To do cardio/weights or just cardio? To have protein or not?

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  • June 13, 2006 at 4:25 pm #551

    Hi everyone,

    I’ve been reading this site for a while, but I’ve never posted. But now I’m confused and I need to ask some questions.

    I’m a 26 year old female and I have about 40kgs to lose.

    I’ve been looking through different discussion threads on this site, plus many other sites, and frankly I’m a little confused. 😕

    I’ve had people saying to me that I need to do nothing but cardio, that I have enough muscle (I was a dancer when I was younger), and that cardio will be enough to help me lose that much weight.

    I keep reading things, and it says to do minimal cardio and heavier weights?

    Then to do cardio every day or 2 or 3 times a week?

    Then, I read do cardio and light weights, with higher reps.

    Then I’ve been told, don’t have protein shakes, because you should be able to get enough protein out of your diet, and by having protein shakes 1 or 2 times per day, is more protein than a professional athlete uses.

    But then, other things I’ve read, say have protein shakes as meal replacements, after work outs etc?

    I am so TOTALLY confused by it all?

    I get bored doing just cardio, and really want to do weights, but feel useless doing light weights with high repetitions. I like the challenge of lifting weights. I’m not very fit either, so I know that I have to do some cardio to improve on this. So ultimately my goals are fat/weight loss and fitness.

    So what I think I would like to do is, cardio, followed by a challenging weight session, 3 to 4 times per week, followed by a protein shake after a workout? Can someone please help me.



    June 13, 2006 at 9:46 pm #2704


    You’ve pretty much worked things out for yourself.

    Stick with your weight training sessions, you can go heavy if you want, try keeping rest intervals short. Or instead, of increasing weight, decrease the rest interval.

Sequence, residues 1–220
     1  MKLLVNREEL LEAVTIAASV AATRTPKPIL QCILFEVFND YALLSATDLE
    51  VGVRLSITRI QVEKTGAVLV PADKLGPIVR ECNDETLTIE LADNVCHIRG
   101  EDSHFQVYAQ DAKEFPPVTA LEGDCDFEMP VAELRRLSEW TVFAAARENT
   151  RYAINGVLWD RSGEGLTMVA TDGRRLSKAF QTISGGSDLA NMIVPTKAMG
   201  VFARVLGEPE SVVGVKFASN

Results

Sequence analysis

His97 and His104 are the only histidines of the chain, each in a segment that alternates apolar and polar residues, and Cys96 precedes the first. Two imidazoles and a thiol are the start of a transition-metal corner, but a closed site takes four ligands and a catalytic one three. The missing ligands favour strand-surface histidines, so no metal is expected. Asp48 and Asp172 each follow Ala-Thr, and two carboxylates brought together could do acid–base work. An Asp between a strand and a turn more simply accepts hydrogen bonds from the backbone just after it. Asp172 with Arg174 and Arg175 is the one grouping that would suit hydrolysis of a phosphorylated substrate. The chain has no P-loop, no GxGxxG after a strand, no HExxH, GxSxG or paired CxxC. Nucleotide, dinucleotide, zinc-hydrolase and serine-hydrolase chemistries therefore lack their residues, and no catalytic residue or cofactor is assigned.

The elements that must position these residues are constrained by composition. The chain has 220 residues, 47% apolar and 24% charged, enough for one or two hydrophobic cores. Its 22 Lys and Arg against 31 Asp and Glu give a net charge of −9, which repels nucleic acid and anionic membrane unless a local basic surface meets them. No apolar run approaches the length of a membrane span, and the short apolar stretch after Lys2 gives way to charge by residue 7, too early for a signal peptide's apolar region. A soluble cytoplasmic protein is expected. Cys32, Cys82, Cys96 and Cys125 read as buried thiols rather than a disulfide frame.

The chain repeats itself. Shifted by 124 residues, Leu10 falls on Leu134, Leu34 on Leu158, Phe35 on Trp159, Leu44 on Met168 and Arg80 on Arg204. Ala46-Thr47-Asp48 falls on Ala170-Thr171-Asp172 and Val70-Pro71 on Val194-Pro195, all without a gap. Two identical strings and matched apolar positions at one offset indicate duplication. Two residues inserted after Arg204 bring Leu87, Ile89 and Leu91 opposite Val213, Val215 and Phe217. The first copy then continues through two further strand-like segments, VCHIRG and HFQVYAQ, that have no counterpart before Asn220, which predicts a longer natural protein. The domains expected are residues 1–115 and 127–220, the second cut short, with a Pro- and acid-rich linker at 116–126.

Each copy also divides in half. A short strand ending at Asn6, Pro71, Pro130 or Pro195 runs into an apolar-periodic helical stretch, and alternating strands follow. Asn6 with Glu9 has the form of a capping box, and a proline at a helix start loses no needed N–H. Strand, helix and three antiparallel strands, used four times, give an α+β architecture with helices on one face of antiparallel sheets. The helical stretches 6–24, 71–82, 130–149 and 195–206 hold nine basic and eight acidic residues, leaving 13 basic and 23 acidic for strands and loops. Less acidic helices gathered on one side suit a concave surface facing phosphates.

Do some form of cardio on non-training days, mix this up, even a good long hike counts. Daily training works best for females, males can get away with less frequent training.

    Don’t do cardio before weight training, do it after!

    Diet will be very important. You’ll need to sort what works best for you.

    Protein shakes are not essential but I’d certainly recommend having a protein and carb shake after each weight training session even if you’re low carbing it.

    Otherwise protein shakes and MRP just provide a convenient way of meeting your diet/meal plan at times when whole food meals are difficult (eg you should be having a meal with some protein every 2-3 hours). Aim for 90% compliance.

    That’s about it. Whatever you decide to do, make a plan, follow for a couple of weeks and then assess progress. If things aren’t going the way you want, adjust the plan and repeat. Theoretically this approach should work even if decided to spend the first week sitting infront of the telly watching the soccer because in two weeks time you’d find you needed to change the plan.


    June 14, 2006 at 6:53 am #2705

    Thanks very much for that Dr J. It’s cleared it up a bit. Now to get a weight program!!!


    June 14, 2006 at 7:52 am #2706


    Weight training will be ideal for you. You will get noticable results very quickly which is positive reinforcement and great for motivation/willpower. Also the additional muscle that your body has to support is burning calories all the time.

    You can work out whether you need supplements by working backwards. Determine the number of calories that you need in order to achieve your goals, work out the breakdown of protein/carbs and fats that those calories will come from and then as you plan your meals you just decide whether you can eat all the protein that you need or whether you need a supplement. Derek Amos had a great calculator on this site that did most of those calculations for you if you haven’t done them already.

    The real secret to fat loss is your total calories. You would probably be amazed how much exercise you need to do to lose a tiny amount of weight.

    Combining weights with cardio and a good diet you will get there as quickly as possible because all three will be in your favour.

    Good luck

    June 16, 2006 at 3:59 am #2707

    A weights program is a bit of a learning curve. You may take a fair while to work out the good and bad of a program. Actually after say 2-3 years it falls into place, with a good measure of what does what, and whats freakin useless.

    Unfortunately its trial and error, unless your father was a weight lifter and just passes on his experiences.

    So, you’ll need a trainer who is like a father to cut through the bullshit and get somewhere -> faster. DA

    June 18, 2006 at 1:05 pm #2708

    Thanks for all your replies, I’m lucky enough to have a personal trainer on staff at work. He’s available at any time to give us programs and to do assessments at regular intervals. (and even better, work pays for it!!)



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